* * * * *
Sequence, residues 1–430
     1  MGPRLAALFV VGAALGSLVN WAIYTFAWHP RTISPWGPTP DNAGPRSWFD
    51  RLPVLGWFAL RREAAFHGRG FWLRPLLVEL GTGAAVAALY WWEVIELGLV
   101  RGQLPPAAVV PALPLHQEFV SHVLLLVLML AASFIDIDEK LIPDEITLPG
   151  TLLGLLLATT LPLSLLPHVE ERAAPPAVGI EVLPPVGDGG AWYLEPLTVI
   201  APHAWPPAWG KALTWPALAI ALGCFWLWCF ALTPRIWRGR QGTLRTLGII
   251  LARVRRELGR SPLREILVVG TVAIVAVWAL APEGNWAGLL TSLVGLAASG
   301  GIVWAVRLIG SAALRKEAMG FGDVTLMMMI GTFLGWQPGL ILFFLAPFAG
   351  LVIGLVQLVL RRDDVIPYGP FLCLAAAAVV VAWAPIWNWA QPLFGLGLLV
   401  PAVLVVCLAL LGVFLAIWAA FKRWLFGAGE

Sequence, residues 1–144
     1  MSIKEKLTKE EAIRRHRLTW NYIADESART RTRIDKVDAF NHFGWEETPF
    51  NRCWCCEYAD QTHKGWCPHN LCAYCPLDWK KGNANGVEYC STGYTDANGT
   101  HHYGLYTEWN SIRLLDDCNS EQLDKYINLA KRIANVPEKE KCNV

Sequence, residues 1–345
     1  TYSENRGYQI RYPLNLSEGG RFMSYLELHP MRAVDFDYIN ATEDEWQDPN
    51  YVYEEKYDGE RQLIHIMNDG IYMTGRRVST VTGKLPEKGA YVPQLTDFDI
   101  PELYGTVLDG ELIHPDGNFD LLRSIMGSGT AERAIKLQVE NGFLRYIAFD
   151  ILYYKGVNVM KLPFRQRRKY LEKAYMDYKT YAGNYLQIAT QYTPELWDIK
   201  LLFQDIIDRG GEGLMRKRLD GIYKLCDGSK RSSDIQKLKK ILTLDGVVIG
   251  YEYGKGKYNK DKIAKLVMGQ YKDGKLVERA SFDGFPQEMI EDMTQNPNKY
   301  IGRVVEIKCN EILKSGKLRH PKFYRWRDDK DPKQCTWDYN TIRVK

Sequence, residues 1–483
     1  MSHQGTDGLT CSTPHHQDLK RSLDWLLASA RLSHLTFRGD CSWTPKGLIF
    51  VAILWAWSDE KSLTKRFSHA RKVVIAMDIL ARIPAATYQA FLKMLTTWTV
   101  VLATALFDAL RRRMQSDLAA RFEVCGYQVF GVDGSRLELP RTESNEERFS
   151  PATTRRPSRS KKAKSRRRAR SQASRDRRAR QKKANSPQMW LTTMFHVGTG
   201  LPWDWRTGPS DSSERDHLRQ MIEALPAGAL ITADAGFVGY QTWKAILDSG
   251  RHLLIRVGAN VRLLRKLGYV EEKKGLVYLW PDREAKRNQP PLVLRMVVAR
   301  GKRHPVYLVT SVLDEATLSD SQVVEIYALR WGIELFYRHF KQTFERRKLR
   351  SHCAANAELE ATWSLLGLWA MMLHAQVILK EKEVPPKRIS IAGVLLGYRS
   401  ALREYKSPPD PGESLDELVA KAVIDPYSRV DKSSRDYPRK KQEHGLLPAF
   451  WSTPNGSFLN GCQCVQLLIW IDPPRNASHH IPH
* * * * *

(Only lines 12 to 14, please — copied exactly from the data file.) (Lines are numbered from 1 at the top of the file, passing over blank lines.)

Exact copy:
     1  MSIKEKLTKE EAIRRHRLTW NYIADESART RTRIDKVDAF NHFGWEETPF
    51  NRCWCCEYAD QTHKGWCPHN LCAYCPLDWK KGNANGVEYC STGYTDANGT
   101  HHYGLYTEWN SIRLLDDCNS EQLDKYINLA KRIANVPEKE KCNV